Cumerford History, Family Crest & Coats of Arms
The 12th century Anglo-Norman Conquest of Ireland lead by Strongbow introduced the first non-Gaelic elements into Irish nomenclature. The surname Cumerford came to Ireland from England at that time. It came originally from the name of a village in Staffordshire, and as such belongs to the category of Anglo-Norman habitation names, which are derived from pre-existing names for towns, villages, parishes, or farmsteads.
Early Origins of the Cumerford family
The surname Cumerford was first found in Kent, England before making its way to Ireland. The name has become almost nonexistent in England. There are Domesday references to the surname in Kent. 
Later, just over a century later the name moved to Oxfordshire, and Staffordshire, where there is a village of Comerford. In the year 1210, soon after the invasion of Strongbow, Earl of Pembroke, in 1172, the Comerfords were granted land in Kilkenny and Wexford, in Ireland. The family is listed as 'New Settlers' who joined Strongbow and got large grants of land in the County of Wexford.
Early History of the Cumerford family
This web page shows only a small excerpt of our Cumerford research. Another 80 words (6 lines of text) covering the years 1542, 1599, 1562, 1575, 1558, 1604, 1585, 1586, 1625, 1652, 1762 and 1832 are included under the topic Early Cumerford History in all our PDF Extended History products and printed products wherever possible.
Cumerford Spelling Variations
Medieval scribes and church officials spelt names simply the way they sounded, which explains the various name spelling variations of the name Cumerford that were encountered when researching that surname. The many spelling variations included: Comerford, Comfort, Comport, Comberford, Cummerford, Cumerford, Commerford, Cumfort, Cumport, Comfurt, Compart, Cumberford and many more.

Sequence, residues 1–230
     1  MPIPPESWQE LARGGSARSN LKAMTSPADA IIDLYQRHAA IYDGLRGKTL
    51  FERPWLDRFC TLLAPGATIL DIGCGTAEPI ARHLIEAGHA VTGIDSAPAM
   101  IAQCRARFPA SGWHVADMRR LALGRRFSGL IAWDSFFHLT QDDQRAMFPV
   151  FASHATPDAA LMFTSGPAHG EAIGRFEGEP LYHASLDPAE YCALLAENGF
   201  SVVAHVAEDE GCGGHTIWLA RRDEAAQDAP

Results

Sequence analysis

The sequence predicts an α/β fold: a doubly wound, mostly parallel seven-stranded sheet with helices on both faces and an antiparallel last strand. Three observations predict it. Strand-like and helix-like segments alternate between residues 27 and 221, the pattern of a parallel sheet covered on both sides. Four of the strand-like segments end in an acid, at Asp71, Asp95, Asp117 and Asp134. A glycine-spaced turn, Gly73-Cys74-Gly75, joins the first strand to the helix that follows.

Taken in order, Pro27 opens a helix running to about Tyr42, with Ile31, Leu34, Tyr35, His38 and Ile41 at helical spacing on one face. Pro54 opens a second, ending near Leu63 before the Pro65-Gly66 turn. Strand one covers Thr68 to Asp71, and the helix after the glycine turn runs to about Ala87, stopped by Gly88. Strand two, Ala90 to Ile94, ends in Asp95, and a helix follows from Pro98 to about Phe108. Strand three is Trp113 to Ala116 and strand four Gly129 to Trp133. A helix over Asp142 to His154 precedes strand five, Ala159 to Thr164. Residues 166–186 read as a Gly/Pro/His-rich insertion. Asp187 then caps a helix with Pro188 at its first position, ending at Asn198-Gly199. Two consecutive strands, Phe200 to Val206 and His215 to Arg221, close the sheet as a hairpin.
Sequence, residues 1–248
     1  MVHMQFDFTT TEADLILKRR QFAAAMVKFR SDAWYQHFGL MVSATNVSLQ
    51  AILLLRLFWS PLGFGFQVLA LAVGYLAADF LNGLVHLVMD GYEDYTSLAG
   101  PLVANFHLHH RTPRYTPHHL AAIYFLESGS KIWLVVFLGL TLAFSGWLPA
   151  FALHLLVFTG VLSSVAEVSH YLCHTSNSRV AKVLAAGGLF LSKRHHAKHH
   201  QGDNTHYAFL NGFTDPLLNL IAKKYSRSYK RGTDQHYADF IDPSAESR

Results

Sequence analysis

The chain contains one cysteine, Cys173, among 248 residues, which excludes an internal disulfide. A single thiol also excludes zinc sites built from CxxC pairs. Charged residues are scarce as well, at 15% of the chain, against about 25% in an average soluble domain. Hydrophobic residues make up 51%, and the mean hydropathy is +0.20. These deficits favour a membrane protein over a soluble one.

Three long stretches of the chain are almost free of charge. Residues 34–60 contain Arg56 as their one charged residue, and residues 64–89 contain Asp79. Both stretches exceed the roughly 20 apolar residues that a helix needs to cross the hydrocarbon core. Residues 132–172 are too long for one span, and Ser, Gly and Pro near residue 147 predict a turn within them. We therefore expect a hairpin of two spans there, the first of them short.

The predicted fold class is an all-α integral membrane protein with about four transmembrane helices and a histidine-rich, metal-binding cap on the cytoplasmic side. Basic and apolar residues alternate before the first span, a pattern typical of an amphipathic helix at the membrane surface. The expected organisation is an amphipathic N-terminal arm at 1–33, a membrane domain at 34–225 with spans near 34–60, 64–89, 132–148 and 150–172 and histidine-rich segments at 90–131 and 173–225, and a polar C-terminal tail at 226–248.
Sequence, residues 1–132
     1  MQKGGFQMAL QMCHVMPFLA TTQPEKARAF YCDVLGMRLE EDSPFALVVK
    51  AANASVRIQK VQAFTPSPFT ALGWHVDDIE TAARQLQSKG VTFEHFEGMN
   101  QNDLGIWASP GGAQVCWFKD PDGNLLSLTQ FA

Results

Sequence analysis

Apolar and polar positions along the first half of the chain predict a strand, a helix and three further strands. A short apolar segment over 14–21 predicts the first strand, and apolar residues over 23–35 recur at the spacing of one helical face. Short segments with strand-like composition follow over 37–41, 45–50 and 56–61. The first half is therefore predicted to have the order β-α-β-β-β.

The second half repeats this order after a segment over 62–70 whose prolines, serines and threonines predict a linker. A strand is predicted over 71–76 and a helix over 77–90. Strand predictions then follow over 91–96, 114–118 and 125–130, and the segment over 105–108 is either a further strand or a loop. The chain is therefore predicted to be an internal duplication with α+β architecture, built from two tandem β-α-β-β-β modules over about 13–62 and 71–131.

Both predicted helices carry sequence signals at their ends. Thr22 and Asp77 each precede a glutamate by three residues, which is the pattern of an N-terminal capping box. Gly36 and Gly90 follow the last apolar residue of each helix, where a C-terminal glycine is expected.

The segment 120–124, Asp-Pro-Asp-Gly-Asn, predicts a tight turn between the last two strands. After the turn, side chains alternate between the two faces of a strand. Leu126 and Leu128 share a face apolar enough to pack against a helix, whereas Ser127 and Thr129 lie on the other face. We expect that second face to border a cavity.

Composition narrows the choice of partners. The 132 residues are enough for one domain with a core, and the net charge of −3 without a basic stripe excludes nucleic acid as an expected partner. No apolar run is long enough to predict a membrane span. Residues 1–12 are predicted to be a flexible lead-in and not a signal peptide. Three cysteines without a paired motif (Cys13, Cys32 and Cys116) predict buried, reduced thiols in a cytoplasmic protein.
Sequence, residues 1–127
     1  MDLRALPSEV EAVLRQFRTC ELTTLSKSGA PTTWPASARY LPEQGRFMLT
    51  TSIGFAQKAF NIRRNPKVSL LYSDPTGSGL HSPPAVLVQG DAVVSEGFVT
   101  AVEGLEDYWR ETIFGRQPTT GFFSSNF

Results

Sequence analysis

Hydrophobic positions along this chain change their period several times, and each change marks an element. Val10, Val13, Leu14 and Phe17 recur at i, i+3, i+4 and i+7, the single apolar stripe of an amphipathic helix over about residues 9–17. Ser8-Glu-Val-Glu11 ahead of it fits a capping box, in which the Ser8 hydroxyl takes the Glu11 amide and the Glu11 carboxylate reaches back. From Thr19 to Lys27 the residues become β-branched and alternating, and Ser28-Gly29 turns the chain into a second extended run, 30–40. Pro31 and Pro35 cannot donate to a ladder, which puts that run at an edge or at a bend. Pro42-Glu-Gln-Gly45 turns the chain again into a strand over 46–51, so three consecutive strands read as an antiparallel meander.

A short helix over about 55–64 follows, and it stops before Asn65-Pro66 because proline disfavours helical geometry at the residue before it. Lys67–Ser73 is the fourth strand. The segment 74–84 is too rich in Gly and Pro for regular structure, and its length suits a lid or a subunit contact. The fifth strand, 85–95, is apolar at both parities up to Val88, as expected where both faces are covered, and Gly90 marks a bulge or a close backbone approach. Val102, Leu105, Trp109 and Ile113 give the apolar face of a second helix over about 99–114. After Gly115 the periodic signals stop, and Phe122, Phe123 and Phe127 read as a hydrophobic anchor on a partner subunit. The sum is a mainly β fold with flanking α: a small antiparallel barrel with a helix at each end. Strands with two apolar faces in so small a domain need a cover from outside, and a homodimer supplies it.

Early Notables of the Cumerford family (pre 1700)
Notable amongst the family up to this time was Dr. Nicholas Quemerfod, Comberford, Comerford (c.1542-1599) of Waterford, religious scholar and lecturer, who was the first of sixteen Jesuits of the name. Born in Waterford, he took the degree of B.A. at Oxford in 1562, after he had spent at least four years in that university. "After completing his degree by determination he returned to Ireland, was ordained priest, and obtained some ecclesiastical preferment from which he was ejected on account of his...
Another 82 words (6 lines of text) are included under the topic Early Cumerford Notables in all our PDF Extended History products and printed products wherever possible.
| Cumerford migration to Australia ||+|
Emigration to Australia
followed the First Fleets
of convicts, tradespeople and early settlers. Early immigrants include:
Cumerford Settlers in Australia in the 19th Century
- Mr.Henry Cumerford, (Comerford, Commerford), (b. 1791), aged 28, Irish lawyer who was convicted in Dublin, Ireland for 7 years for stealing, transported aboard the "Bencoolen" on 24th April 1819, arriving in New South Wales, Australia, he died in 1827 when he drowned 
The motto was originally a war cry or slogan. Mottoes first began to be shown with arms in the 14th and 15th centuries, but were not in general use until the 17th century. Thus the oldest coats of arms generally do not include a motto. Mottoes seldom form part of the grant of arms: Under most heraldic authorities, a motto is an optional component of the coat of arms, and can be added to or changed at will; many families have chosen not to display a motto.
Motto: So ho ho dea ne
Motto Translation: God will perform it.
- Williams, Dr Ann. And G.H. Martin, Eds., Domesday Book A Complete Translation. London: Penguin, 1992. Print. (ISBN 0-141-00523-8)
- Convict Records Voyages to Australia (Retrieved 5th October 2020). Retrieved from https://convictrecords.com.au/ships/bencoolen